Philip Glass opens Phillips Collection concert series


Philip Glass performs in a benefit concert at The Phillips Collection October 2. (Courtesy of The Phillips Collection/James R. Brantley)

Composer Philip Glass told a Phillips Collection audience Sunday that he has played the piano seriously since he was about 15 years old. He is now in his mid-70s. Let’s assume, just to be conservative, that he plays the piano about three to four hours a week, and that the average Glass piano piece ticks by at about 90 beats a minute. Do the math. It’s reasonable to assume that Glass has played well over a million arpeggios during his time on this planet.

Which makes it curious that he doesn’t play them more smoothly. Glass opened the Phillips Collection’s annual concert series with an hour-long recital of his keyboard works, ranging from the clear, sweetly sad sonorities of his 1970s minimalist style to an ongoing series of etudes, begun in 1994, that are darker, more harmonically complicated and layered.

But while Glass is presumably definitive when it comes to the interpretation of his music, he isn’t particularly proficient at the keyboard techniques he uses so frequently. His tremolos, rolling chord figures and repeated scales are presumably meant to sound even and clearly articulated. They weren’t. One had the sense that Glass was improvising his music rather than performing it from a set score. Changes in texture often sounded tenuous at first, then came into focus as the composer’s fingers caught up with his mind. Several of the works he performed are unpublished — private pieces, he called them — so it’s impossible to be sure.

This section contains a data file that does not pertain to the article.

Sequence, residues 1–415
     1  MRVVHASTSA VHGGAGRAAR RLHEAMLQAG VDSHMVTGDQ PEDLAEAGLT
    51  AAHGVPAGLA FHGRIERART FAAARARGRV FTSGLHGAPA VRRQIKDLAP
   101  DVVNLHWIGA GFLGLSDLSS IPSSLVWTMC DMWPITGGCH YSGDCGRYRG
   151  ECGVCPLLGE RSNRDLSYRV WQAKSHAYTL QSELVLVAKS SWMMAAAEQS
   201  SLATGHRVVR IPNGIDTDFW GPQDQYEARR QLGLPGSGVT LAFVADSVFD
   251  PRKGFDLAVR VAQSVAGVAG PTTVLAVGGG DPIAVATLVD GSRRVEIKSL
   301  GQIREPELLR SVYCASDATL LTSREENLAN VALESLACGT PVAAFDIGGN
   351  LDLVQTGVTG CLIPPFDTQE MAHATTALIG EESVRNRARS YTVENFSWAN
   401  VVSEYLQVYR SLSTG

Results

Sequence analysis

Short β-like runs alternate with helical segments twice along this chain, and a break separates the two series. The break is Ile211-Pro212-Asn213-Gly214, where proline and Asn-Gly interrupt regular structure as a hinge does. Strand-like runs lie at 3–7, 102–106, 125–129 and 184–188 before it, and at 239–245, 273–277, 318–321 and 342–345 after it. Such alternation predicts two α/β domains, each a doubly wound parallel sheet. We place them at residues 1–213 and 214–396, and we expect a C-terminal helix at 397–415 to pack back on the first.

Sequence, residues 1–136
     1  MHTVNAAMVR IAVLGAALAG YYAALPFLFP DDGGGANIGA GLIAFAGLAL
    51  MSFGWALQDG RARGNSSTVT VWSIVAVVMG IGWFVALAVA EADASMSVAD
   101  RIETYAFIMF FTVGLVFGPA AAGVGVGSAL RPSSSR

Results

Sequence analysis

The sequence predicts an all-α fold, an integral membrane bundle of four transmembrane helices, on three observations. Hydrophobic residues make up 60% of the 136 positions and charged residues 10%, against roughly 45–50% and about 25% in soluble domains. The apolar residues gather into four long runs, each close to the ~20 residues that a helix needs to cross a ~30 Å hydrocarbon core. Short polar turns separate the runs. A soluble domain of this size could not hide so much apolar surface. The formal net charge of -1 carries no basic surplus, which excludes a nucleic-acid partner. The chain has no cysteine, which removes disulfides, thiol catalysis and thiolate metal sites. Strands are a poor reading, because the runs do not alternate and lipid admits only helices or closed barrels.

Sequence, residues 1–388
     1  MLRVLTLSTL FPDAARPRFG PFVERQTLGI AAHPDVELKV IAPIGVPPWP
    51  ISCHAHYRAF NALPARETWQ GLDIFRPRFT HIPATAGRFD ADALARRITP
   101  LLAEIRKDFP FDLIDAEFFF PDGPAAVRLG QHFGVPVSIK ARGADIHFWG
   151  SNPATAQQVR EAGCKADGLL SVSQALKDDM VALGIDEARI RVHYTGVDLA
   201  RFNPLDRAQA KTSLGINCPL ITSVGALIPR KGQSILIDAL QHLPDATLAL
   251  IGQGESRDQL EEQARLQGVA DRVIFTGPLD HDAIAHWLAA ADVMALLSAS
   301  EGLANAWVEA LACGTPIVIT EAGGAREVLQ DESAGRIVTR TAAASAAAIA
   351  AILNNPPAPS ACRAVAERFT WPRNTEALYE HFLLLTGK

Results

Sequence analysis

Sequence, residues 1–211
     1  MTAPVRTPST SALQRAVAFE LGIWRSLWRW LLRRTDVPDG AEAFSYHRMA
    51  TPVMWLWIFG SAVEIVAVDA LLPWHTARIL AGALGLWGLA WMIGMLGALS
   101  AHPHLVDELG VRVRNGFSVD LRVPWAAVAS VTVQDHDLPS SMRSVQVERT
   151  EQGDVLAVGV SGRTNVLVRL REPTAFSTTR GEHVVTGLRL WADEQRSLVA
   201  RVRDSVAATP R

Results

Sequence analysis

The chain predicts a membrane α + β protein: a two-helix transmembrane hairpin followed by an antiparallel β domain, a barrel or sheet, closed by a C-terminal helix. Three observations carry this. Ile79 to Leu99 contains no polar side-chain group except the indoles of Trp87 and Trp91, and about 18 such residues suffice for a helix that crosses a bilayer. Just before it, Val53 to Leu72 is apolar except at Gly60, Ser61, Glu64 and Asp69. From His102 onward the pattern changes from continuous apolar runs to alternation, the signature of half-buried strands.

“I had to practice all week to do this concert,” Glass said after performing. Although his music seems simple to digest, with its long repetitive passages built around a few basic ideas, it is anything but simple to play, requiring substantial technique to produce even, unbroken accompaniment figures. Much of Glass’s piano music is built on musical filler that extends a harmonic idea through time. Bad transcriptions of orchestra pieces from the 19th century are full of these techniques. But the modern piano is a merciless machine, exposing every little flaw in the player’s execution of these simple-sounding figures, and it exposed plenty of flaws in Glass’s finger work.

The composer compensated with a lot of pedal, which smooths everything out and creates a more resonant and enveloping sound. But the pedal homogenizes the sound, and after about half an hour of music, it was clear that Glass had defined some fairly narrow limits of where his technical skills could take the audience.

When the music is largely repetitive, variety and contrast become even more essential to prevent boredom. The ear searches for subtleties and variety to compensate for the relatively predictable course of the harmonic journey. Which is why a better pianist could make this music more interesting.

But it was Glass who performed Sunday, and much of the evening seemed to be about the celebrity artist, not the music itself. One basked in his presence, his low-key personality, his genial humor, his articulate explanations of his music and artistry. During a question-and-answer session after the performance, Glass said he has a fondness for the Phillips Collection, which he visited as a teenager living in Baltimore. That alone will surely get him invited back.

Philip Kennicott is the Pulitzer Prize-winning Art and Architecture Critic of The Washington Post. He has been on staff at the Post since 1999, first as Classical Music Critic, then as Culture Critic.
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